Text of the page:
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April 14, 2010
Shareowner Resolutions Target Four Companies on Oil Sands Development in Canada
    by Robert Kropp

International effort by shareowner activists ask BP, Shell, ConocoPhillips, and ExxonMobil to report on a multitude of risks relating to the environmentally damaging practice.


Described in a 2008 report as "the most destructive project on Earth," oil sands extraction is directly responsible for much of the rapidly increasing greenhouse gas (GHG) emissions in Canada.

According to a shareowner resolution filed at ExxonMobil by Green Century Capital Management, "Oil sands development was held up as a key obstacle to progress in the high-profile Copenhagen (COP15) negotiations, leading to a tarnished reputation for Canada and growing global opposition to the oil sands."

This proxy season, shareowner resolutions targeting oil sands extraction were filed at BP, Shell, and ConocoPhillips, in addition to ExxonMobil. The shareowner action is coordinated by Green Century, the UK-based FairPensions, and the California State Teachers Retirement Fund (CalSTRS).

Trillium Asset Management Corporation, which filed the first shareholder proposal addressing oil sands in 2008 at ConocoPhillips, continues to be a co-filer as well.

According to FairPensions, the practice of oil sands extraction requires the consumption of three barrels of natural gas to create one barrel of oil and leaks approximately three million gallons of contaminated water into surrounding rivers and groundwater each day, in addition to emitting unusually high levels if greenhouse gases (GHG).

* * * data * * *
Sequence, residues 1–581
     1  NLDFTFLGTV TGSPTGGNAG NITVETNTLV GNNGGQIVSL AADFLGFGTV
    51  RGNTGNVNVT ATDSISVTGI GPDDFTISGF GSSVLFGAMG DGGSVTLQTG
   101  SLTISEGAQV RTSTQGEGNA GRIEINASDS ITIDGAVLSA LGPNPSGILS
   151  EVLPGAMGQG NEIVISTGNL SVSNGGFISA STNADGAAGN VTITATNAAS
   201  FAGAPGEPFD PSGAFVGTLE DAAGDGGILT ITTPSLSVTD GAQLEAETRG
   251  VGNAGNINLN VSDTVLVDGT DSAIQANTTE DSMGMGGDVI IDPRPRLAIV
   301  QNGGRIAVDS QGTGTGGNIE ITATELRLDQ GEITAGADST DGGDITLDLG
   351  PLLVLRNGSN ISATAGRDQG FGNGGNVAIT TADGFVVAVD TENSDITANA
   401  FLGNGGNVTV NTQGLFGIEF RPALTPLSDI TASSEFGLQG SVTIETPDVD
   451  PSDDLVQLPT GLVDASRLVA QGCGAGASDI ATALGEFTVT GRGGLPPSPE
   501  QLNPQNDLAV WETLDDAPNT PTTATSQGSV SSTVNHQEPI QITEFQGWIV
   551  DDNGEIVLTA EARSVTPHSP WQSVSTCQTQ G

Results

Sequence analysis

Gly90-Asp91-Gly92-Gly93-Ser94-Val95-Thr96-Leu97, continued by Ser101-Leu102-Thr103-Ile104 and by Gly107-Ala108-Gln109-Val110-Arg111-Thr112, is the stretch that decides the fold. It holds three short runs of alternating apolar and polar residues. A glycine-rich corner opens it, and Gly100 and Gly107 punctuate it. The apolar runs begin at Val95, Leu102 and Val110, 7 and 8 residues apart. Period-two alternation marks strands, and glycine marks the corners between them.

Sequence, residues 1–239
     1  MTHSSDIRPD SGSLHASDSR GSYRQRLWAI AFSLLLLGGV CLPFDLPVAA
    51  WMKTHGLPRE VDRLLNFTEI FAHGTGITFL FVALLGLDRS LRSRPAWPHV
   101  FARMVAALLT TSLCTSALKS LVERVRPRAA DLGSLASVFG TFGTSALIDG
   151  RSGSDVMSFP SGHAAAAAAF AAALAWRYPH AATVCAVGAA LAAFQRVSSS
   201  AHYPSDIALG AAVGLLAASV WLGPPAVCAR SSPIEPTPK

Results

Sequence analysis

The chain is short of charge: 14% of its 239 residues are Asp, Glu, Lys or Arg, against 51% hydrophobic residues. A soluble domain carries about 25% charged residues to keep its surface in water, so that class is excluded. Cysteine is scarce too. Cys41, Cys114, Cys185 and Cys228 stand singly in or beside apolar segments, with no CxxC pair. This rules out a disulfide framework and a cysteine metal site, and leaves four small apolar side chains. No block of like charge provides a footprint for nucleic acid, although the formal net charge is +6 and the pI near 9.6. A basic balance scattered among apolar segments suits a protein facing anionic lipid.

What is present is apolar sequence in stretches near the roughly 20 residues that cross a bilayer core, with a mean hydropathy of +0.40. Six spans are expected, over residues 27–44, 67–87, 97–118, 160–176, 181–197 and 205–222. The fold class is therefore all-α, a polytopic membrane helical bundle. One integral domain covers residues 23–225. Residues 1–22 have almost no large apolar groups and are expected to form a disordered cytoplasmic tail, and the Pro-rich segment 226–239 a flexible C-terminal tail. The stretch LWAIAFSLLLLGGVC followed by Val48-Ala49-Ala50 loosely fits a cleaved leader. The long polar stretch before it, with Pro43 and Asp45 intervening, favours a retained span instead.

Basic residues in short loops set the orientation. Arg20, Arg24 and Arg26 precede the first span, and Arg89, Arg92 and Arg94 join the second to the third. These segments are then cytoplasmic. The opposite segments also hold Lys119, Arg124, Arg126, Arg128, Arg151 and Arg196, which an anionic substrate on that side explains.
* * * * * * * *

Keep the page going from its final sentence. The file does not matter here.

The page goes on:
The resolution at ExxonMobil asserts that the company faces regulatory risk due to the likelihood of carbon regulation, legal and reputational risk because of the effect of environmental damage to indigenous communities in the affected areas, and financial risk due to oil price volatility and other market forces. Despite these concerns, "ExxonMobil has little to no disclosure on the risks associated with the environmental, social and economic challenges that accompany oil sands development," states the resolution.

Green Century and its co-filers have called on ExxonMobil to prepare a report that discusses the long term risks to the company's finances and operations of its oil sands activities.

Even celebrities are speaking out against oil sands development. Thom Yorke of the rock band Radiohead, who attended the COP15 negotiations and left bitterly disappointed with what he viewed as the failure by world leaders to come to agreement on a meaningful climate treaty, has written on Radiohead's blog of the dangers to institutional investors of investment in companies engaged in oil sands development in Canada.

FairPensions has provided individual investors with the means for voicing their preference as to how their pension funds vote on the shareowner proposals relating to climate change. Pension fund members can email their pension funds directly here.

Shareowner meetings for the four targeted companies will be held on April 15 for BP, May 12 for ConocoPhillips, May 18 for Royal Dutch Shell, and May 26 for ExxonMobil.

 

 
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